A fuel cell for air independent mobile applications using Direct Sodium Borohydride/Hydrogen Peroxide fuels in a low temperature PEM configuration is under development [1, 2]. As part of the development of this unique all liquid fuel cell, we have been studying methods for system integration, including methods for water management, stacking issues involving fluid conductivity control, and the design of a composite catalysis-diffusion layers. [3, 4] The goal is to find optimal conditions (minimum activation, ohmic and transport losses plus maximum run time per fuel loading) in this unique all liquid fuel cell. In contrast to conventional H2/O2 cells, the high electron and ion conductivity of the aqueous solution based fuels introduces special design considerations. For example, in stack design, the path length of flow channels connecting cells must be lengthened to increase the electric resistance which would otherwise introduce serious electrical shorting. With the catalyst coated throughout the diffusion layer, increasing ion conductivity from reaction sites to the PEM region also becomes a key design consideration, involving the porosity and entanglement of catalyst materials. Water management in this type of cell involves unique issues beyond humidification of the PEM which is automatically wetted by the liquid fuels. Here the issue is recirculation of product water from the cathode side back to the borohydride side to prevent reaction product NaBO2 from exceeding its solubility limit. These system integration issues are studied by a coordinated experimental approach which will be described in the presentation.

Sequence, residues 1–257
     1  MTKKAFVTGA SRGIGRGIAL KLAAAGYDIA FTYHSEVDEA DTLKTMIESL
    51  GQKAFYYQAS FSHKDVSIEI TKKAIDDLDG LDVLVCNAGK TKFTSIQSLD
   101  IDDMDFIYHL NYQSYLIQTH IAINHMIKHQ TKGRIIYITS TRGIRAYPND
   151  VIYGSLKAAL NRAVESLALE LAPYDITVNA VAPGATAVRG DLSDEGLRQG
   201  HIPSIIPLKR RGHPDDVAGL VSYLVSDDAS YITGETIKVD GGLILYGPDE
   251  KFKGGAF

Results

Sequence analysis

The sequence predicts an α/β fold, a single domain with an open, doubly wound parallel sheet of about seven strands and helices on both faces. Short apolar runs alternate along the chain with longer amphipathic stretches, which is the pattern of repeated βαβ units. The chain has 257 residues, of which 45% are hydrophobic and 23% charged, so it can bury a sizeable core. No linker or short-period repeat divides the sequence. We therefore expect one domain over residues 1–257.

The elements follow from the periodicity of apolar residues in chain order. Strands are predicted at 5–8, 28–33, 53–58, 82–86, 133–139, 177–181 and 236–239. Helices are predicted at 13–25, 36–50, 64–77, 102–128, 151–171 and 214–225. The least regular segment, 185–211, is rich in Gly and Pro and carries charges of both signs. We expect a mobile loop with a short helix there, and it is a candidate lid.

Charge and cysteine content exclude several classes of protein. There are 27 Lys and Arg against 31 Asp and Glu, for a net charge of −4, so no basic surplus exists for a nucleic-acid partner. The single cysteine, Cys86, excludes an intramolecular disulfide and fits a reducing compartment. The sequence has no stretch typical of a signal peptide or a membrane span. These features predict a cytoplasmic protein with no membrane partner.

- Advanced Energy Systems Division
System Integration Issues for a Direct Sodium Borohydride Fuel Cell (DNBFC)
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Kim, K, Miley, G, Luo, N, & Ved, A. "System Integration Issues for a Direct Sodium Borohydride Fuel Cell (DNBFC)." Proceedings of the ASME 2009 7th International Conference on Fuel Cell Science, Engineering and Technology. ASME 2009 7th International Conference on Fuel Cell Science, Engineering and Technology. Newport Beach, California, USA. June 8–10, 2009. pp. 165-169. ASME. https://doi.org/10.1115/FuelCell2009-85178
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